How has the VMI market evolved?

Published on 13 March 2018

Consultant - Supply Chain Project Manager
B2B Collaboration

A look back at the origins of VMI

Emerging in the United States in the 1980’s, Vendor Managed Inventory (VMI) was created by large companies, such as Procter & Gamble and Walmart, seeking to reduce their inventory management costs. In order to achieve this, inventory management was delegated to suppliers with information shared by the distributors. This shift gave distributors more time to spend on selling their products.
Therefore, whether logistics operations run smoothly or not depends on the daily exchange of information between distributors and suppliers. Data shared mainly provides information on the status of inventory and in-process inventory, sales volumes and upcoming promotions or sales operations to implement in store or online.
In France, where the network of distributors is particularly vast, the VMI market blossomed thanks to Carrefour in the late 1990's. It was then widely deployed in the mid-2000’s by groups such as Unilever and Nestlé that quickly integrated it into their operations.


On the same topic: Opt for a collaborative invetory management with a VMI


A cyclical market

Although the demise of the VMI model was predicted before 2010, it has now made a comeback in major retail and e-commerce players. The VMI market is thus characterised by cyclical shifts of rises and falls.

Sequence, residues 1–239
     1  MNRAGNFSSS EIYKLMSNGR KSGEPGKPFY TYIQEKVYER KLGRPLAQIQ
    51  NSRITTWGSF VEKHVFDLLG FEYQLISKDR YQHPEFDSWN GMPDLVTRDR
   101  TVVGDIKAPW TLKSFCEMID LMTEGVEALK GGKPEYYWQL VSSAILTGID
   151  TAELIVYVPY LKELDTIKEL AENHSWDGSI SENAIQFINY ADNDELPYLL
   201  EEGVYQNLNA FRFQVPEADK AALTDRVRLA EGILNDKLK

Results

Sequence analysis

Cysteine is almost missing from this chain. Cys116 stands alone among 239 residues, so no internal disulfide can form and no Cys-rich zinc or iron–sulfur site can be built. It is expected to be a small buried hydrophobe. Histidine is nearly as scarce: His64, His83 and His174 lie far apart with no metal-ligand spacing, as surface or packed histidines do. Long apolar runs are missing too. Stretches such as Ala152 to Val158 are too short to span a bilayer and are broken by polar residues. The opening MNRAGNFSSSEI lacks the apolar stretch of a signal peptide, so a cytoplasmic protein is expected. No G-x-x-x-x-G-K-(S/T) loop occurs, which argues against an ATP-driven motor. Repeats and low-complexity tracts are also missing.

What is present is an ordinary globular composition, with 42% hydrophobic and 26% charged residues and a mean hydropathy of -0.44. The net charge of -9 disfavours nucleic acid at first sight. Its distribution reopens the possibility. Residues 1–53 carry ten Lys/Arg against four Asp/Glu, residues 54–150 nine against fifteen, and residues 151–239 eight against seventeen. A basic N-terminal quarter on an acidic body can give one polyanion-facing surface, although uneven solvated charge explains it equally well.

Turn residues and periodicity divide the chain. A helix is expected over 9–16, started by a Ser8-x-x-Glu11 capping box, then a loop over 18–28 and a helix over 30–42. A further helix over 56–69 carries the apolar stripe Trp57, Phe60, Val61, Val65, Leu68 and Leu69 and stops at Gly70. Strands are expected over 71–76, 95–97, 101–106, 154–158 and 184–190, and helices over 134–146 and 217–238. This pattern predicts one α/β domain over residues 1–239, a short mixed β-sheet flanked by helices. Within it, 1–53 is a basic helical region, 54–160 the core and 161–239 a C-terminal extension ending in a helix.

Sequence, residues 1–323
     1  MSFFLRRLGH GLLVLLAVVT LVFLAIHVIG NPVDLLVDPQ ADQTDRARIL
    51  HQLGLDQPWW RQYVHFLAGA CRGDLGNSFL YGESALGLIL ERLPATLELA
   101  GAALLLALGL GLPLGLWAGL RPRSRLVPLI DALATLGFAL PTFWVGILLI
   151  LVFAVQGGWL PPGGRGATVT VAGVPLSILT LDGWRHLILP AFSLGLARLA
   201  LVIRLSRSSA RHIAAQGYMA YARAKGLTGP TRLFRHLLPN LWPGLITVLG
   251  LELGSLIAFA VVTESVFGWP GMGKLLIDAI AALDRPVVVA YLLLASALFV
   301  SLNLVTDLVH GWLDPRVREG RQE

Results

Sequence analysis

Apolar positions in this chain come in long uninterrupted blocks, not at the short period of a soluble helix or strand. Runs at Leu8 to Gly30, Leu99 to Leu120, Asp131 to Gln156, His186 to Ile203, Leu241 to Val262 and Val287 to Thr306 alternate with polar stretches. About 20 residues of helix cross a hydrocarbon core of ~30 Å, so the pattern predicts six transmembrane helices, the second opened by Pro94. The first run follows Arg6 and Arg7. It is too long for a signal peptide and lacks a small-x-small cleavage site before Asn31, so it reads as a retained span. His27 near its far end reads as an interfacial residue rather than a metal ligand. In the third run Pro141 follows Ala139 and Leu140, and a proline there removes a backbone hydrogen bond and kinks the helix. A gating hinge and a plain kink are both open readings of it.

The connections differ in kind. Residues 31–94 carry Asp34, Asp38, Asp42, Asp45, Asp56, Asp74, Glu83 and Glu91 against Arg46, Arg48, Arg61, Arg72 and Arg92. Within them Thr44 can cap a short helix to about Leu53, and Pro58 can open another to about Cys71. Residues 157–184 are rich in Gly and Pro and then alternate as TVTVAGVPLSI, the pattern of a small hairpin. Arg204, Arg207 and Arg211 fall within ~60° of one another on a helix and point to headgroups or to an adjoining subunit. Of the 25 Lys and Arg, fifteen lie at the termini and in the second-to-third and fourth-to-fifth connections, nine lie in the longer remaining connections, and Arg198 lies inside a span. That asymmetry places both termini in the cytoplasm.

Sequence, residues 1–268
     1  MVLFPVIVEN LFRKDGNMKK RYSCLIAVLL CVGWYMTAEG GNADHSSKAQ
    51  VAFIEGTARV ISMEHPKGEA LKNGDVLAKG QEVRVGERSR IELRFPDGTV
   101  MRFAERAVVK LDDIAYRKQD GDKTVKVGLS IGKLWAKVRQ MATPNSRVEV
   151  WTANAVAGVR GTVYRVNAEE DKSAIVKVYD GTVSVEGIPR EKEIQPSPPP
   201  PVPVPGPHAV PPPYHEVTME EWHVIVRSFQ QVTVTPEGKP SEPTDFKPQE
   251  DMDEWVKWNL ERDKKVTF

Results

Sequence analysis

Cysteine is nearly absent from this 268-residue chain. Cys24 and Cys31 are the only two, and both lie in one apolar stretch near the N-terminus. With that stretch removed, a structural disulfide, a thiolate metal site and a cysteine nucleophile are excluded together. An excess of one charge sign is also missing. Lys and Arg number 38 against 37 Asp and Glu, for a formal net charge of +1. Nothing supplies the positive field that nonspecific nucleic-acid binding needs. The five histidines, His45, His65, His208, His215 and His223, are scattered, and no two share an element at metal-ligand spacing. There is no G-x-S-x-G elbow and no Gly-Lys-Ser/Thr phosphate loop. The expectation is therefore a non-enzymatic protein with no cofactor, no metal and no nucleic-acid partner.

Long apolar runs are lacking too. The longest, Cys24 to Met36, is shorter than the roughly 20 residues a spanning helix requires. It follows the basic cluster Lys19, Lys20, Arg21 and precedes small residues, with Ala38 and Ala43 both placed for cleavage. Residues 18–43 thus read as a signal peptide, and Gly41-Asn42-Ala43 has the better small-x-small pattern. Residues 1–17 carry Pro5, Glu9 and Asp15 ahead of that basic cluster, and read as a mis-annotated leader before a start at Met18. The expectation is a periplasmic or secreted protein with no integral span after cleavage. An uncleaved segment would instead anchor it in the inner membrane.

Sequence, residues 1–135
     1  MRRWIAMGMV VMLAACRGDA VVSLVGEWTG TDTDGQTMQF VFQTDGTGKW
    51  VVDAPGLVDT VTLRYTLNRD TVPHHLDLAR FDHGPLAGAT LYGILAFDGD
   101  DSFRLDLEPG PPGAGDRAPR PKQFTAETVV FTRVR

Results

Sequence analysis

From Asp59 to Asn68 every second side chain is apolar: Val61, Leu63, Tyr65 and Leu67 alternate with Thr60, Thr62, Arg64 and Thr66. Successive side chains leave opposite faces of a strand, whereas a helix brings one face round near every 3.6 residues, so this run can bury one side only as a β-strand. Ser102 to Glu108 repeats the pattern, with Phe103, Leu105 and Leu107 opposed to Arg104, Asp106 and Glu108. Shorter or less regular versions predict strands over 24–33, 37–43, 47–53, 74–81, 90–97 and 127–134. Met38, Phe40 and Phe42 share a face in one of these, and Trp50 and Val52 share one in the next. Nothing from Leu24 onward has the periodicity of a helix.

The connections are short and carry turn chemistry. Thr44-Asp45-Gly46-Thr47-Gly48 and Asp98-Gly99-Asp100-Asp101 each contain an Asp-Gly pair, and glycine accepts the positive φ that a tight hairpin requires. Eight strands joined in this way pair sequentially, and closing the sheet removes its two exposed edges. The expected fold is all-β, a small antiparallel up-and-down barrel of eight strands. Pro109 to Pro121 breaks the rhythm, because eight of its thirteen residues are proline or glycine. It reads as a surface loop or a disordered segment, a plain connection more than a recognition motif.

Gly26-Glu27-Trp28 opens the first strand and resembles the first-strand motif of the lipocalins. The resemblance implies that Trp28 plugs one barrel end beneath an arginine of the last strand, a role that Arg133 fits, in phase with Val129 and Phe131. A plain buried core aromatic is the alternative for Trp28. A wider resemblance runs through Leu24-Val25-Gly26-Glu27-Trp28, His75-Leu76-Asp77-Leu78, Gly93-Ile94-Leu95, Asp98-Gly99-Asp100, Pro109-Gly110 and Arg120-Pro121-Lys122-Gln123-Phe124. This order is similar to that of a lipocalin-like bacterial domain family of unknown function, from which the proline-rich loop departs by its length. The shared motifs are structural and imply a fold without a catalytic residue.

These cycles are mainly due to the competition of other inventory management systems as a result of extended features being added to ERP. The image of VMI has also been tarnished by complicated relationships between suppliers and distributors. Trust between the two parties is the fundamental element if information sharing is going to be successful.

Nevertheless, today the model is experiencing a strong comeback among industrial companies and distributors. Companies such as Casino have actually come back to the VMI model after abandoning it a few years back. What’s at stake? Notable advantages for each party involved:

● Thanks to the sales data transmitted by the distributors, suppliers have better visibility of their production needs.
● By receiving only the products they really need when and where they need them, distributors benefit from a massive reduction in inventory— up to 50%.


Automation and pooling: what impact on the VMI market?

Two trends currently play in favor of the VMI market: pooling and automation. Sparking massive interest over the last few years, pooling enables industries to share the costs of transporting and distributing their goods by relying on a common logistics provider.  This is a simple and effective way to maximize truck loads while maintaining just the right levels of inventory.


Further reading: Optimizing transport costs: the challenges to overcome


Thus, only the products needed for a given day are delivered to distribution points. This system is particularly viable for products stored in a single place and sold in nearby aisles such as cosmetics and household cleaning products.
As for automation, thanks to the predominance and efficiency of this model, it now has a solid reputation in the sector of inventory management. Industry heads just need to know the amount of products to deliver and the expected delivery dates in order to optimally supply different storage points in France and abroad.
As a result of the rise of these two trends, the processes are now more mature and reliable when it comes to VMI: all industry heads need to do now is use the data collected to increase the efficiency of processing. This context creates a favorable setting for VMI whose main goal today is to bring together different parameters and data into a single place that guarantees confidentiality and secure information exchanges.


Image credit: Pexels – Energepic